WOMEN'S HEALTH BLOG June 2020
Written by Kimiyo Harris Williams, MD
Reclined in my deep crimson chair, feet up on its matching tufted leather ottoman, on this relaxing late Sunday afternoon, I reflect on the current state-of-our nation and the world. I breathe, watching the raindrops fall from the grayish-white sky, seeing full branches on the trees wave and the blooming lavender petals of my Agapanthus blow in the rhythm of the wind, and think of life’s rhythms. Inhaling the sweet aroma of fresh spring air and wet grass through my window, slightly ajar, I ponder, “What a difference four months has made?”
At this moment in time, the “simple” things mean so much. It is a time to reflect and consider the experiences and relationships that impact our lives. As we focus our attention on women, I reflect on a woman of great importance in my life. It was late-March of this year, in the midst of the onset of the COVID-19 pandemic, and I was practicing self-care, enjoying a few minutes of live Instagram music, when I received a call. My friend’s words are unforgettable: “I am at the hospital. I am having trouble breathing, and I have fever.” I remember her weak voice so vividly. The music stopped instantly.
Unfortunately, too many of us can tell a similar story. Each and every one of our lives have been impacted by COVID-19, both directly and indirectly. There were times when I didn’t want to answer the phone or view social media, for fear of learning that another family member, friend, or acquaintance had been diagnosed. However, thankfully, even though the reports of positive diagnoses were growing, the calls reporting recovery increased.
The consistent pattern that remains, though, is the disproportionate rate of morbidity and mortality from COVID-19 among people of color, who historically have higher rates of the underlying conditions that lead to COVID-19-related deaths. As of the writing of this blog post, according to the Louisiana Department of Health (LDC), there have been over 43,000 cases of Coronavirus, over 2,800 deaths, and over 33,000 presumed recoveries in Louisiana. Deaths related to COVID-19 are distributed among the races as follows: 53.9% Blacks; 43.48% Whites; 0.78% Asians; and 1.56% Other/Unknown. 46% of these deaths were of women; 54% were of men.
According to the CDC, the limited data we have suggests that “chronic lung disease, moderate to severe asthma, cardiac disease with complications, diabetes, or immunocompromising conditions” are the highest underlying co-morbid diseases for those who suffer the greatest impacts from infection by COVID-19. Older people who suffer from these preexisting conditions are at a significantly greater risk for poor outcomes among those diagnosed with the novel Coronavirus.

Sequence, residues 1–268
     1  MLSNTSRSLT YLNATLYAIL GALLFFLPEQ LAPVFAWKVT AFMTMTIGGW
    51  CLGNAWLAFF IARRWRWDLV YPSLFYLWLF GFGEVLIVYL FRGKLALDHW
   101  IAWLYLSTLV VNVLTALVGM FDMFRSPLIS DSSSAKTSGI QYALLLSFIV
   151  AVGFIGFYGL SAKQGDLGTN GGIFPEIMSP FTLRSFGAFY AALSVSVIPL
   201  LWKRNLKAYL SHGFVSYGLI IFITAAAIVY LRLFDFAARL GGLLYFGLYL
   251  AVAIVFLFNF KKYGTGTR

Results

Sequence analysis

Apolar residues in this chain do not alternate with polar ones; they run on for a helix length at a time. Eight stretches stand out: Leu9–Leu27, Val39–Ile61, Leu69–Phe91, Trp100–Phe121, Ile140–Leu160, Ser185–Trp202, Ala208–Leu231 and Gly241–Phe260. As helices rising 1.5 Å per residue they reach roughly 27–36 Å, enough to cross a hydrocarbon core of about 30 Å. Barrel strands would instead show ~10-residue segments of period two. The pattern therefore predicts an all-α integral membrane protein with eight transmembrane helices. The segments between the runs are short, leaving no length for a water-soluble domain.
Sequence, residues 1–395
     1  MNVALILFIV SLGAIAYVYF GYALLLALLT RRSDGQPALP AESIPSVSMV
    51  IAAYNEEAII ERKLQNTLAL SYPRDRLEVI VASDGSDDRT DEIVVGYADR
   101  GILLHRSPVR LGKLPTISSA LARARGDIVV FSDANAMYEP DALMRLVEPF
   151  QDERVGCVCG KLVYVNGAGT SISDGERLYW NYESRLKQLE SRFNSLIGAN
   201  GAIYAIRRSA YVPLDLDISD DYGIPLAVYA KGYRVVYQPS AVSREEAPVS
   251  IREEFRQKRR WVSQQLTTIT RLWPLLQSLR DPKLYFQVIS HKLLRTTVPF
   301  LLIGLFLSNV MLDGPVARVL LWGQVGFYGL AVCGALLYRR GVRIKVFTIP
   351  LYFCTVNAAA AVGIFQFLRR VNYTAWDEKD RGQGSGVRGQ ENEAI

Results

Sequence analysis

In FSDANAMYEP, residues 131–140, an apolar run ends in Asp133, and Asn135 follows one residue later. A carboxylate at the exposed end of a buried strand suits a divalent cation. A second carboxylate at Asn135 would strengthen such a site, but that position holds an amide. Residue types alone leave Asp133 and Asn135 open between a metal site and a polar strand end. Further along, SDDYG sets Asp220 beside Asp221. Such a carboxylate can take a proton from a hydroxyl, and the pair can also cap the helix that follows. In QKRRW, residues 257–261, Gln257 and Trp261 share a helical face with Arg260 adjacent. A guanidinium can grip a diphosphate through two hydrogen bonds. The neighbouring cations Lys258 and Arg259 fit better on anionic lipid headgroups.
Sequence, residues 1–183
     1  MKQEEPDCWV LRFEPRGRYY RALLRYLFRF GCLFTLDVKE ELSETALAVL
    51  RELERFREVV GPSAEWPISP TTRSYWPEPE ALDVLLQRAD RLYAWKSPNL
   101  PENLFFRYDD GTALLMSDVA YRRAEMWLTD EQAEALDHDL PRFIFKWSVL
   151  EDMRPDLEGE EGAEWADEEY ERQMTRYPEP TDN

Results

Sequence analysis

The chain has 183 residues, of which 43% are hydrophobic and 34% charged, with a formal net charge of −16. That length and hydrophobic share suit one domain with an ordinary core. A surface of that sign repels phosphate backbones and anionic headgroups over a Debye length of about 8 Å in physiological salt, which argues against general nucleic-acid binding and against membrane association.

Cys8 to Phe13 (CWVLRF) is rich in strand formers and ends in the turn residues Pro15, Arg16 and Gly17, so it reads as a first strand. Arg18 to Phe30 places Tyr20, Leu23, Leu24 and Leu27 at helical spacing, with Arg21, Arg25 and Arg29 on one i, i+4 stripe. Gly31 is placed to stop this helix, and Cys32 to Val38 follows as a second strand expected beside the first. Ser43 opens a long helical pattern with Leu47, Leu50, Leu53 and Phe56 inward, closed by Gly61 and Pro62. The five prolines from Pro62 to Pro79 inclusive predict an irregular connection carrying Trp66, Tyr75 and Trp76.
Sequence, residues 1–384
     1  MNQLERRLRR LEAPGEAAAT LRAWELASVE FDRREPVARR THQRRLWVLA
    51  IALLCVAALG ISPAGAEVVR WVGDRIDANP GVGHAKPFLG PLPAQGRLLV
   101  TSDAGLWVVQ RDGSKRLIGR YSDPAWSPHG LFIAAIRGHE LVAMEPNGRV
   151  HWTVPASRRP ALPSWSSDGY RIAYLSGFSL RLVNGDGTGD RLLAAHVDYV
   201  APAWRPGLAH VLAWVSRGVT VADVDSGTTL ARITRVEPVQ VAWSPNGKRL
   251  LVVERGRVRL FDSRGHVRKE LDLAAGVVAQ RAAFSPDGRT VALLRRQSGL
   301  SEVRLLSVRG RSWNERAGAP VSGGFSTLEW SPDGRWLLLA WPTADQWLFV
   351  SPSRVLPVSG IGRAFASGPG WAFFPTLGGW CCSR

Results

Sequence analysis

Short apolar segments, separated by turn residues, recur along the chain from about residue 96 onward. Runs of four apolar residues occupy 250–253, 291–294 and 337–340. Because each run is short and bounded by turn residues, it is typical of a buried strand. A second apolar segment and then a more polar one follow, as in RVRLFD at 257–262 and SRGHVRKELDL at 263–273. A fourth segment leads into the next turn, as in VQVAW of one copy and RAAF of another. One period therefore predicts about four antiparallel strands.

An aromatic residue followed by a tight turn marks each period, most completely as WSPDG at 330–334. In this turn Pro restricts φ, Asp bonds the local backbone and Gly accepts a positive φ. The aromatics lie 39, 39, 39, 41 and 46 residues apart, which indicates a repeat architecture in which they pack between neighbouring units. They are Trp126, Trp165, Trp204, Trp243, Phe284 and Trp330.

Among a great number of people who do not have these preexisting conditions, the virus generally causes mild infection, and many are asymptomatic. Recent data also suggest that women have better outcomes as opposed to men.
The fight against COVID-19 was an exhausting battle for my friend, who already struggled with a chronic heart condition. It took all that she had to combat the virus, which kept her in the hospital for 17 days and took away her ability to walk independently. As her symptoms rapidly progressed at home, it was a mutual friend who encouraged her to seek immediate medical attention. While she was in the hospital, I spoke to her almost every day and tried my best to empower her in her fight against COVID-19. I kept the conversations positive and encouraged her to eat and stay hydrated and to reach out to her minister for spiritual support. I spoke to her physicians, as her advocate, helping her to understand her medical plan and make decisions regarding treatment, which empowered me to help her as well as others in my life fighting COVID-19. We all have to step in and be our sister’s keepers during this pandemic.
As the novel Coronavirus curve flattens in Louisiana and we begin to re-open, we must continue to follow the CDC’s guidelines for “Opening Up America Again” and Louisiana’s guidelines to OpenSafely, as well as those of our local governments and public health departments. When considering returning to work, if you have questions, contact your healthcare provider or check out The New England Journal of Medicine article “Is It Safe For Me to Return to Work?” Clinicians consider patients’ occupational risk of contracting the novel Coronavirus and any underlying chronic disease when advising their patients as we return to work. To learn more about risk factors, you may also visit the CDC page “People Who Are At Higher Risk.”